Tom Engelhardt and Jonathan Schell discuss American involvement in Vietnam and Afghanistan, US nuclear policy from the 1960s to the present and the dilemma of nuclear weaponry in the Obama era.
Fourteen states have filed suit challenging the healthcare overhaul, particularly the individual mandate, as unconstitutional. Christopher Hayes asks Columbia law professor Gillian Metzger whether this argument holds up.
This week on The Breakdown: The time for comprehensive financial reform and consumer protection has finally come. Christopher Hayes asks Demos's Heather McGhee, does Dodd's financial reform package deliver?
If incumbents are running scared, what does that mean for the phenomenon of the incumbency effect?
How will healthcare reform affect the economy? This week on The Breakdown, Christopher Hayes talks to Ezra Klein to correct the misperceptions.
In 2002, the Department of Justice's Office of Legal Counsel, at the behest of the CIA and in conjunction with the White House, drafted a memo on acceptable standards of interrogation. Now the authors have been cleared of wrongdoing.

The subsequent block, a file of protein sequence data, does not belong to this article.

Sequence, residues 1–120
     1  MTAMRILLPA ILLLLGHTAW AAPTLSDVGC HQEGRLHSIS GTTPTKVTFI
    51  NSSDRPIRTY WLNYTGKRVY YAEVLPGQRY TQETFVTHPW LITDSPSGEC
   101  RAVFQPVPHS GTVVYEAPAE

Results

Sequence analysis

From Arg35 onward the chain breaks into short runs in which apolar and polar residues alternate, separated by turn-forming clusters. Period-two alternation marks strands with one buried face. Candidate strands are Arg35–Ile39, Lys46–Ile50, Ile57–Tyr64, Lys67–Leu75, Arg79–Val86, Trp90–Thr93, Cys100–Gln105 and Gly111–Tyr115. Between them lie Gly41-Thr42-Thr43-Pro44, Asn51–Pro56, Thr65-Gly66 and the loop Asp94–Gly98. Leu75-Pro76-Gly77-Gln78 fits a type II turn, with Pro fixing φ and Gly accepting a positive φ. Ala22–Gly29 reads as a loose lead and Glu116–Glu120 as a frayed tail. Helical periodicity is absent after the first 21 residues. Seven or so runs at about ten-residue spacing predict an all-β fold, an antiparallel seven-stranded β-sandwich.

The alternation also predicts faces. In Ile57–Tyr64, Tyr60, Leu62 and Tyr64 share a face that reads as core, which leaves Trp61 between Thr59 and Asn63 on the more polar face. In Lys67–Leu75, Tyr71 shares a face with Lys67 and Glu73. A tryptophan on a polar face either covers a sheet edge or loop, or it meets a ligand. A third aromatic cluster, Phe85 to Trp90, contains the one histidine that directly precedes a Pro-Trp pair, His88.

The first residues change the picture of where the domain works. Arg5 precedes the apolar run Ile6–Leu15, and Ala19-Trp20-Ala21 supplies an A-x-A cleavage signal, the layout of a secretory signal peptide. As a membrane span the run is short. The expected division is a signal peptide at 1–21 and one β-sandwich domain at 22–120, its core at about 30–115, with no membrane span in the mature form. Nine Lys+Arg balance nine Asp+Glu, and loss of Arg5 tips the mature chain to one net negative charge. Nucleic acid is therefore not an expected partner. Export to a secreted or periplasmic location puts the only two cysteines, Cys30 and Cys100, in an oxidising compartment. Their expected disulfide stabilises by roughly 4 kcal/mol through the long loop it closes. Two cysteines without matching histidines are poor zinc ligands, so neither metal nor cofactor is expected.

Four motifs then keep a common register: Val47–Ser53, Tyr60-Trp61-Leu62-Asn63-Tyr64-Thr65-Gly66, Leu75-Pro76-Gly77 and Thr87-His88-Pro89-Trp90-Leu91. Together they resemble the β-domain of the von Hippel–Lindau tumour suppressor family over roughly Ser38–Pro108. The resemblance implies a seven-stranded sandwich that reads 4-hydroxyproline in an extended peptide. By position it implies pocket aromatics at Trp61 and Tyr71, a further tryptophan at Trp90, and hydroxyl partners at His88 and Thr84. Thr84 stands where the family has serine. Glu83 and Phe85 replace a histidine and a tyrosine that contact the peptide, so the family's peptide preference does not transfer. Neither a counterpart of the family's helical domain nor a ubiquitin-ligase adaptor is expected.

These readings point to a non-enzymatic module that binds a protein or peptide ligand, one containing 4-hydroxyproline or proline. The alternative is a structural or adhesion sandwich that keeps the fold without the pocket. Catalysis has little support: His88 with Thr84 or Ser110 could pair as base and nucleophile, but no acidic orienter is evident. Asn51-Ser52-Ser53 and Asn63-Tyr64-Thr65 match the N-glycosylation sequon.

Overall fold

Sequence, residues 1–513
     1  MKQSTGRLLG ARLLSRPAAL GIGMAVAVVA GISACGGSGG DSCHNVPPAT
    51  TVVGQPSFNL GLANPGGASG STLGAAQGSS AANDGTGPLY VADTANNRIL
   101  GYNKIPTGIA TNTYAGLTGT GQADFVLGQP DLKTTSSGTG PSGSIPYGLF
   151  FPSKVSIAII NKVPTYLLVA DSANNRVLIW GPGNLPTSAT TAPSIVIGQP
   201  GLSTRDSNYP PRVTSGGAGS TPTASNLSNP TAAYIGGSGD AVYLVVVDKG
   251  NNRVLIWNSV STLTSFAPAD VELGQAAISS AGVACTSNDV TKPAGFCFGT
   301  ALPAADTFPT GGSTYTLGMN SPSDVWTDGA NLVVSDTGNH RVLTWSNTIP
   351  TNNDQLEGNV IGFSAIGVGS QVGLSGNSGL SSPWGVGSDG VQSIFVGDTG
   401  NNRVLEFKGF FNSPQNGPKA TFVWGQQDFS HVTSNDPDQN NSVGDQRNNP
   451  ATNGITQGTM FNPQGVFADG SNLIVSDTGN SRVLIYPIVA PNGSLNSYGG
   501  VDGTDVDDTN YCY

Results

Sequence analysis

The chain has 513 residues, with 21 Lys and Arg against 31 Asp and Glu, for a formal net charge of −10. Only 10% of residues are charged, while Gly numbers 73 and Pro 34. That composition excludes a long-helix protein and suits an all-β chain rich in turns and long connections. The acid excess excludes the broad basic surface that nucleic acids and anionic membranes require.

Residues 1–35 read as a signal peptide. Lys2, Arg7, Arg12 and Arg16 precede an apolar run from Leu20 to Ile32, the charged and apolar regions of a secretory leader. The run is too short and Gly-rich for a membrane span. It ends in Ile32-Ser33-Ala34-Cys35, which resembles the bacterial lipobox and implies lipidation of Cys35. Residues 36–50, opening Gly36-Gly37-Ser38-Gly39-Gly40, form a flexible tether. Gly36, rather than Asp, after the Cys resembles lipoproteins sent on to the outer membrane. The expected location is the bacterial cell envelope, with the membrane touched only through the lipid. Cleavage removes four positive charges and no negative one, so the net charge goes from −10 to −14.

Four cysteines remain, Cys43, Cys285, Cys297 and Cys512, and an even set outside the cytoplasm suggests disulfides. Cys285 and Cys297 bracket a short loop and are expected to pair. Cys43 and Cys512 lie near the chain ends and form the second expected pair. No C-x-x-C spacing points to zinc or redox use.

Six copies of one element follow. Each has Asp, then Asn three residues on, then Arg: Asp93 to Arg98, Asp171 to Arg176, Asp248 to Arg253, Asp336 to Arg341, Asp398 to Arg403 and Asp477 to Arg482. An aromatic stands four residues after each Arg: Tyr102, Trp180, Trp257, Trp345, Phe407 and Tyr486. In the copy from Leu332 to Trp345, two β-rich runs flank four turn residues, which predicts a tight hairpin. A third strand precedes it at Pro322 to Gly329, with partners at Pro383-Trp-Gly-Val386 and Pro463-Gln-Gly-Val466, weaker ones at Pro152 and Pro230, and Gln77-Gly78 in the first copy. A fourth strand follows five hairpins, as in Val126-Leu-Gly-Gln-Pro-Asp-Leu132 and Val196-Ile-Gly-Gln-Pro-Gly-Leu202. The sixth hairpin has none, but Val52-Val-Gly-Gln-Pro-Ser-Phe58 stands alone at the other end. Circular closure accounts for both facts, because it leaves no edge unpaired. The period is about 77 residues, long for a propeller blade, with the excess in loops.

What happens when the media depends on corporations to survive?
The Nation's Greg Kaufmann joined Stand Up! With Pete Dominick to argue that there are ways to alleviate poverty in America and that it starts with increasing the minimum wage.
As part of The Nation's mayoral candidate series, Albanese explains why fixing the education system must begin with a commitment to early learning.
As part of The Nation's mayoral candidate series, de Blasio gives his views on how to tackle economic inequality.
The difference between rich and poor is stunting economic growth, the mayoral candidate says.
What's next for early childhood education? The Nation's Bryce Covert talks with Dana Goldstein and Melissa Lazarín about the policy and politics of universal preschool.